Reading The Communist Manifesto in the 21st Century

Marx and Engels described not the world as it had already been transformed by capitalism in 1848, but predicted how it was logically destined to be transformed by it.

We now live in a world in which this transformation has largely taken place, even though readers of the Manifesto in the third millennium of the western calendar will no doubt observe the continued acceleration of its advance. In some ways we can even see the force of the Manifesto‘s predictions more clearly than the generations between us and its publication. For until the revolution in transport and communications since the Second World War, there were limits to the globalisation of production, to ‘giving a cosmopolitan character to production and consumption in every country’. Until the 1970s industrialisation remained over­whelmingly confined to its regions of origin. Some schools of Marxists could even argue that capitalism, at least in its imperialist form, so far from ‘compel[ling] all nations, on pain of extinction, to adopt the bourgeois mode of production’, was by its nature perpetuating, or even creating, ‘underdevelopment’ in the so-called Third World. While one third of the human race lived in economies of the Soviet communist type, it seemed as though capitalism would never succeed in compelling all nations ‘to become bourgeois themselves’. It would not ‘create a world after its own image’. Again, before the 1960s the Manifesto‘s announcement that capitalism brought about the destruction of the family seemed not to have been verified, even in the advanced Western countries, where today something like half the children are born to or brought up by single mothers, and half of all households in big cities consist of single persons.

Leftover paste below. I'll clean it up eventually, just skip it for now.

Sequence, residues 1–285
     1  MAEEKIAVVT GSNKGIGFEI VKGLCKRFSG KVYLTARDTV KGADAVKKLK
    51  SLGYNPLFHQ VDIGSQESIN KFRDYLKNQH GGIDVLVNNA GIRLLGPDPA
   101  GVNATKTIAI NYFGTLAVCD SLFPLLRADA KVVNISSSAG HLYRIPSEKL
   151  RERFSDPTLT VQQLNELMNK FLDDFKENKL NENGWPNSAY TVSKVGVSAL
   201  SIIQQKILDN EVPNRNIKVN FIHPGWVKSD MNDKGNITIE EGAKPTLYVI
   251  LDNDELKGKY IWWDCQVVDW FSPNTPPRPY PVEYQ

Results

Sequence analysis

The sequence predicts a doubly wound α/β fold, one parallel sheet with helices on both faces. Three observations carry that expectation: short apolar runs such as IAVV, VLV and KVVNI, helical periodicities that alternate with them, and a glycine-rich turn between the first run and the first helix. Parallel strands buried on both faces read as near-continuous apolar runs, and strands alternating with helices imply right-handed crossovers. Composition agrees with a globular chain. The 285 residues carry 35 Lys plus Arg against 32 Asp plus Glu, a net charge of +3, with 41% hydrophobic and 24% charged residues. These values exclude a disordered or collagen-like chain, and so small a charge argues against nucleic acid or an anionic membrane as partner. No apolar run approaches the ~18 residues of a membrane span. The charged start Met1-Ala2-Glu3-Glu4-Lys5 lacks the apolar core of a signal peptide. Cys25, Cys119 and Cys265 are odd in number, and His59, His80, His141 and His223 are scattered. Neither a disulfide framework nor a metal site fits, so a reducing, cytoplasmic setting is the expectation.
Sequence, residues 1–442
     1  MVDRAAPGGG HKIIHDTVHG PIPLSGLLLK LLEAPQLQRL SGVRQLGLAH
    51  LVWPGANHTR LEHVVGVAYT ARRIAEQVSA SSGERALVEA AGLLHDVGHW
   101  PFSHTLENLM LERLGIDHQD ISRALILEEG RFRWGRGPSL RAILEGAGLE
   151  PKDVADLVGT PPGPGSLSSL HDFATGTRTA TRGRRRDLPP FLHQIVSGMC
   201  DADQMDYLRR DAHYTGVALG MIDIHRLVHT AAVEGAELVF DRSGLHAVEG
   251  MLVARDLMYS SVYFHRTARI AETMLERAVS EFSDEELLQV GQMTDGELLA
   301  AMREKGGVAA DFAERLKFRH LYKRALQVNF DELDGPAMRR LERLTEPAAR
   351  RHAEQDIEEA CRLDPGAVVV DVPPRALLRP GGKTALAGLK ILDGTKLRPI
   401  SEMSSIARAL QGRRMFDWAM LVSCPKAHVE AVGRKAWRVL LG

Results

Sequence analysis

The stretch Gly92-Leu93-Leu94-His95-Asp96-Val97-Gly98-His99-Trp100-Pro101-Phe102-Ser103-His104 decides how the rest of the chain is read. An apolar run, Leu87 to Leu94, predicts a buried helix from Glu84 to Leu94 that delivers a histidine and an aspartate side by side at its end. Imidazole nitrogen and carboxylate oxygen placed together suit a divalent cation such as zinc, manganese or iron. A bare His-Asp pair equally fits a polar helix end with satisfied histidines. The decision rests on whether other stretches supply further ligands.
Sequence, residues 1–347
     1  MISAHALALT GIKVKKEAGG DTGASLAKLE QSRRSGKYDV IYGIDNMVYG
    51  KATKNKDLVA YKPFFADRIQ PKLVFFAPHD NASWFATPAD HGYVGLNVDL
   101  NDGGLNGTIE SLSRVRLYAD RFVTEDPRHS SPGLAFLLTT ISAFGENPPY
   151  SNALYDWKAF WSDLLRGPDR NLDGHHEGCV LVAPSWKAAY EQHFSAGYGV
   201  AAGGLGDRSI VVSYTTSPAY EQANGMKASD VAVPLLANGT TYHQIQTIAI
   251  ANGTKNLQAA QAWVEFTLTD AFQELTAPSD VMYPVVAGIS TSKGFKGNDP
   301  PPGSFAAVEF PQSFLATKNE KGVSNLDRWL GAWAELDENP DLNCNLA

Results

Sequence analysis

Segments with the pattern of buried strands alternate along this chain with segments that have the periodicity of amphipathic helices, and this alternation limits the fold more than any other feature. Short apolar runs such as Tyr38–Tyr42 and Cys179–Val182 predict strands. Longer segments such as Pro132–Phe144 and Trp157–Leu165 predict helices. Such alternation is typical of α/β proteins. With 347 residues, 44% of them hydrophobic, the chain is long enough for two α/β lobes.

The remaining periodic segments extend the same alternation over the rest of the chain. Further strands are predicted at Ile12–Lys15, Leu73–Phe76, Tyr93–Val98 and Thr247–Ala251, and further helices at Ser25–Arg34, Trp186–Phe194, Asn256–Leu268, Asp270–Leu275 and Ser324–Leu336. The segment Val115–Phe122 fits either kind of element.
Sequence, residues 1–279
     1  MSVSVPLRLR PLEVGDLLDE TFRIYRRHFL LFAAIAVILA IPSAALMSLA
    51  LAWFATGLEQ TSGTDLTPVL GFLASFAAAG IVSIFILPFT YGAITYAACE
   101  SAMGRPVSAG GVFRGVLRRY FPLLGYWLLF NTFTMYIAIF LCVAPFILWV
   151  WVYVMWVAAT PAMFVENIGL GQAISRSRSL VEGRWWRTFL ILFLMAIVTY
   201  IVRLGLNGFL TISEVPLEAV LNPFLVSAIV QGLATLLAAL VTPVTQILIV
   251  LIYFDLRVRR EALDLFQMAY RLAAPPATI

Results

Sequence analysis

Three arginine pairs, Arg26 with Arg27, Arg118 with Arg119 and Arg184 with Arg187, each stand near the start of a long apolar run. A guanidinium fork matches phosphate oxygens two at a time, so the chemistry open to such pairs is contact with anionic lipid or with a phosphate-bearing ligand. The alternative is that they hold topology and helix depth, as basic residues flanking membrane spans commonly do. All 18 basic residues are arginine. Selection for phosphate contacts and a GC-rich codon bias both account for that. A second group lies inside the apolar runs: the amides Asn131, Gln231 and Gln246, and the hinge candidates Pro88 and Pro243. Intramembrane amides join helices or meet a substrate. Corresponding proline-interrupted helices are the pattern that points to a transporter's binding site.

In short, what might in 1848 have struck an uncommitted reader as revolutionary rhetoric or, at best, as plausible prediction can now be read as a concise characterisation of capitalism at the start of the new millennium.

—Eric Hobsbawm, How to Change the World, (London: Little, Brown, 2011), 112-113.

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